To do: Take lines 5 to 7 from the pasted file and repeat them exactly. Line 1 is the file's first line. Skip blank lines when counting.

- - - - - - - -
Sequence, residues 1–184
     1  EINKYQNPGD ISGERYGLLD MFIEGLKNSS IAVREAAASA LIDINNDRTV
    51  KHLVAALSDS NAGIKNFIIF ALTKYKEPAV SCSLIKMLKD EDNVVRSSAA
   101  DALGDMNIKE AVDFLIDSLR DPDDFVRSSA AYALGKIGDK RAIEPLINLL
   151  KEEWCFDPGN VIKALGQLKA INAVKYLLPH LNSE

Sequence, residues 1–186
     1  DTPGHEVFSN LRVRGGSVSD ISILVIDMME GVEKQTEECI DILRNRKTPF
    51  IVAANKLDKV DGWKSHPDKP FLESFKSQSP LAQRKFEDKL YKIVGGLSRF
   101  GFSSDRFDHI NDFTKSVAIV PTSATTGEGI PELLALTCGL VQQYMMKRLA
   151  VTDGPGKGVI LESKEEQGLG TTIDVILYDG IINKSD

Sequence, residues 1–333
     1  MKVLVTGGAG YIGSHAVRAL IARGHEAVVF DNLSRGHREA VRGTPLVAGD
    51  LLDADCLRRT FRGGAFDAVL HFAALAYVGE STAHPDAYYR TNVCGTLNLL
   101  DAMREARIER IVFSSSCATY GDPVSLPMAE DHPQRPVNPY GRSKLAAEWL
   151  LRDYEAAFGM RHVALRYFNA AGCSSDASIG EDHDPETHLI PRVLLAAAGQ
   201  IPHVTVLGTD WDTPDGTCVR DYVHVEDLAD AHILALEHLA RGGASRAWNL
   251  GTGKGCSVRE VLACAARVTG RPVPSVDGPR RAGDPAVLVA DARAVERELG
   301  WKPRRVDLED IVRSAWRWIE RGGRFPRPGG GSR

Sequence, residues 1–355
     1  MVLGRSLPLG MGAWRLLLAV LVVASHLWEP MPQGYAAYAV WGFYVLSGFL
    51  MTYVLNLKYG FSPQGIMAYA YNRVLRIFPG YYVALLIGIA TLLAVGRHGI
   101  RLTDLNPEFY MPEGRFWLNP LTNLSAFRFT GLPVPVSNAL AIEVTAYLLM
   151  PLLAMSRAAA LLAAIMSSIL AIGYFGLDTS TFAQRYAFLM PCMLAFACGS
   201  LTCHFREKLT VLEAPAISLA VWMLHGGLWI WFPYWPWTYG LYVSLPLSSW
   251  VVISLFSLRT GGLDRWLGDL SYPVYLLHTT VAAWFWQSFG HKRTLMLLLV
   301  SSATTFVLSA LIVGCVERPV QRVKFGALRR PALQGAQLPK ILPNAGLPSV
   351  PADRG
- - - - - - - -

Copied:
   151  KEEWCFDPGN VIKALGQLKA INAVKYLLPH LNSE

Sequence, residues 1–186
     1  DTPGHEVFSN LRVRGGSVSD ISILVIDMME GVEKQTEECI DILRNRKTPF